Artist vs. Individual


Most music listeners know the popular hip-hop artist Chris Brown. Many more listeners are also familiar with the scandal in which Chris Brown brutally beat singer and songwriter—and Brown’s former girlfriend—Rihanna on February 8, 2009. On the fourth of December of the same year, Brown released “Graffiti,” an album which made an appearance in the top 10 of the US billboard charts. Since 2009, Chris Brown has achieved a phenomenal level of success and fame in the music Industry. According to his Spotify bio, he currently maintains over 20,000,000 monthly Spotify listeners, making him the 63rd most popular musician in the world.

Chris Brown’s continued achievement despite domestic abuse raises a question buried under disregard: should we listen to the music produced by immoral artists? To truly discuss this prompt, we must acknowledge the thought-process of the average music consumer. As shown by Chris Brown’s 20,000,000 monthly listeners, many people are completely capable of listening to the music of a known abuser. Throughout history, musicians have been able to jump to stardom despite their depraved ethics; according to Elizabeth King at, Elvis Presley, ‘King of Rock and Roll’ consistently preyed on underage girls during his career. Still, Presley’s music has remained popular for decades.

Most people will listen to the work of immoral artists because, well, the music is good. Just as most consumers are able to distance a piece of clothing from the sweatshops and underpaid workers who created it, most people tend to separate the talented artist from the ethically flawed individual in the realm of music. People respect the work of the musician despite the individual’s crimes. While this disregard of immoral deeds may seem unjustifiable, listening to the music of a particular artist is not inherently bad. In my earlier example I likened the separation of artist and individual to the separation between clothing and its immoral method of production. Although this analogy effectively reflects the common aspects present in the consumer thought-process, there is also a stark difference between these two scenarios. By ignoring the conditions of the workers who produce certain clothing, we perpetuate their worsening condition by continuing to purchase the clothes companies produce using their labor. When it comes to music, however, listening to the work of an immoral artist does not make them a worse person. Therefore, it is possible to appreciate music without agreeing with, supporting, or perpetuating the actions of the individual who produced it. However, those who disagree with this opinion say we should not listen to the music of immoral artists so we can avoid giving them more more exposure. I see the success of these immoral musicians as unfortunate, but also as an inevitable outcome of their talent. Could we, as consumers of art, choose to blacklist controversial individuals in the industry? Certainly. Do I believe we have a moral obligation to do so? No. Will we do so? For the sake of music, I sure hope not.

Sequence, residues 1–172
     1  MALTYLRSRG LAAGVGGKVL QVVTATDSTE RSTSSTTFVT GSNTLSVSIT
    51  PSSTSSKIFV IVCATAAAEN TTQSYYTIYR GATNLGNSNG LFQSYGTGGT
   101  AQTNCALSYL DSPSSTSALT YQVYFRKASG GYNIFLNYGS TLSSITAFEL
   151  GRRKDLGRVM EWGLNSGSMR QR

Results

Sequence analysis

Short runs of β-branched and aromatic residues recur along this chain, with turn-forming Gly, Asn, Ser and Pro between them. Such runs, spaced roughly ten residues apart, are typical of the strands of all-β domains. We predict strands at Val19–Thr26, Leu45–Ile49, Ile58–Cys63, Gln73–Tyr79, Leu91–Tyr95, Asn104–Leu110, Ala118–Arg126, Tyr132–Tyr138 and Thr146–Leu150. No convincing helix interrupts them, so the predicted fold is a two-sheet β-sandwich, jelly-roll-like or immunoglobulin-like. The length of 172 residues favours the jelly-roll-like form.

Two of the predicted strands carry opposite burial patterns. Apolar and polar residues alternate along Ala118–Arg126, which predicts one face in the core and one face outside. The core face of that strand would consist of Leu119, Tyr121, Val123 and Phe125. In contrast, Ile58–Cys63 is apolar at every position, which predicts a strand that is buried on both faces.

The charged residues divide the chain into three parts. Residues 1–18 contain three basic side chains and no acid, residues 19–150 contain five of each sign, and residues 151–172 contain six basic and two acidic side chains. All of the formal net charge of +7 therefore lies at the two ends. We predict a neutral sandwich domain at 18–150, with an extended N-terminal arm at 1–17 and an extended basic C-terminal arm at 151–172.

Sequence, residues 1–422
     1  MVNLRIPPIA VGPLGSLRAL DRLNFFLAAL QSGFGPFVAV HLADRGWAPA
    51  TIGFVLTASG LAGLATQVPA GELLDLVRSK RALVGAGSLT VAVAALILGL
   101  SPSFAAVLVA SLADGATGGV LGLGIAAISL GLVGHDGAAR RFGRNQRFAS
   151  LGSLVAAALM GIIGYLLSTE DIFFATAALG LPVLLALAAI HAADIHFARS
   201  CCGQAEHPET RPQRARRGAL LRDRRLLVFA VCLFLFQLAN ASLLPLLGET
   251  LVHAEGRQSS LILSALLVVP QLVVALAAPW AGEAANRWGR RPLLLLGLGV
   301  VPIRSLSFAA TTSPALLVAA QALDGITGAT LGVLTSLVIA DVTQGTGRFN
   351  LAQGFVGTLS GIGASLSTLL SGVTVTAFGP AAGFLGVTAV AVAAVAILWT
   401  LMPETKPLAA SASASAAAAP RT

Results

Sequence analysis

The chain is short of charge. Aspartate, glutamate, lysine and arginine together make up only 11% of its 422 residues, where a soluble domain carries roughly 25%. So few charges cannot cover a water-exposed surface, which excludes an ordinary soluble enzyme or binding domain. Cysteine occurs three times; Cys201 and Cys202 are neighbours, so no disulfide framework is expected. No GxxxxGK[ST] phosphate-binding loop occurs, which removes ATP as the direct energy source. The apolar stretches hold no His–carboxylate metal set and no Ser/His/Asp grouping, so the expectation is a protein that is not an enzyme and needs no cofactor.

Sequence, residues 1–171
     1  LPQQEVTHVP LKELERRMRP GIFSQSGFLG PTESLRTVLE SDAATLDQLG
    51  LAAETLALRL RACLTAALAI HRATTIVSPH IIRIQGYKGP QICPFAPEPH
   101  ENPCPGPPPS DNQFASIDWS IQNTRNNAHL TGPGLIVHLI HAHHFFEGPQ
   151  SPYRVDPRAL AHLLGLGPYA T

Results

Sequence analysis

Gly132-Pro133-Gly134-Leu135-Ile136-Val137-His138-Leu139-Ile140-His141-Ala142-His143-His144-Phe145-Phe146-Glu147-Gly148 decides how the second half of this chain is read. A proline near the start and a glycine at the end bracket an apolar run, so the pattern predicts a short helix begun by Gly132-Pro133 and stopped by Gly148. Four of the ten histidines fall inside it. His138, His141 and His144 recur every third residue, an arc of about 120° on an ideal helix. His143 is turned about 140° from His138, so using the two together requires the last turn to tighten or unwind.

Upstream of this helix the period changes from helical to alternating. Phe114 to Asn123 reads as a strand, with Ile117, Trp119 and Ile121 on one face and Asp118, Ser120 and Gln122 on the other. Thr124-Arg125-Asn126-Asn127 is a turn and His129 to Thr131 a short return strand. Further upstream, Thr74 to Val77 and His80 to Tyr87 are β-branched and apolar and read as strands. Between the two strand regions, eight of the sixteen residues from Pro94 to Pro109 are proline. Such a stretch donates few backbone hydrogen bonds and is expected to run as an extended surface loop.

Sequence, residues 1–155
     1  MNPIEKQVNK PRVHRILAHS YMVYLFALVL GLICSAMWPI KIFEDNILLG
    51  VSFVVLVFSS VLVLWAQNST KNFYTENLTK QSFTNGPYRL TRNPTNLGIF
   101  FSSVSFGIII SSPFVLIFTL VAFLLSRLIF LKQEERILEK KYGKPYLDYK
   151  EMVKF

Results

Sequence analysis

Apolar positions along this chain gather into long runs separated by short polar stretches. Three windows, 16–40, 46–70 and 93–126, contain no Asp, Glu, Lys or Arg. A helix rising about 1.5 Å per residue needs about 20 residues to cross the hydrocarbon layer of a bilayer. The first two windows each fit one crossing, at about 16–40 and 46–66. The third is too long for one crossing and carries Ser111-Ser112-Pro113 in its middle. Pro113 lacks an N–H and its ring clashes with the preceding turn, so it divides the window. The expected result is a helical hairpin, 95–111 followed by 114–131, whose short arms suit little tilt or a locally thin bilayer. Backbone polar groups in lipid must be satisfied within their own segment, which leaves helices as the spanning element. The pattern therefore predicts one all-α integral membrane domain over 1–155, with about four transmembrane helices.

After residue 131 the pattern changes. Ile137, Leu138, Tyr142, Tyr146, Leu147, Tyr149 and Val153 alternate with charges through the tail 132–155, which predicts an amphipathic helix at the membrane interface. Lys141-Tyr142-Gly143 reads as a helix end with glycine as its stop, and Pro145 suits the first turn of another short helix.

Milton Paperchris brown, music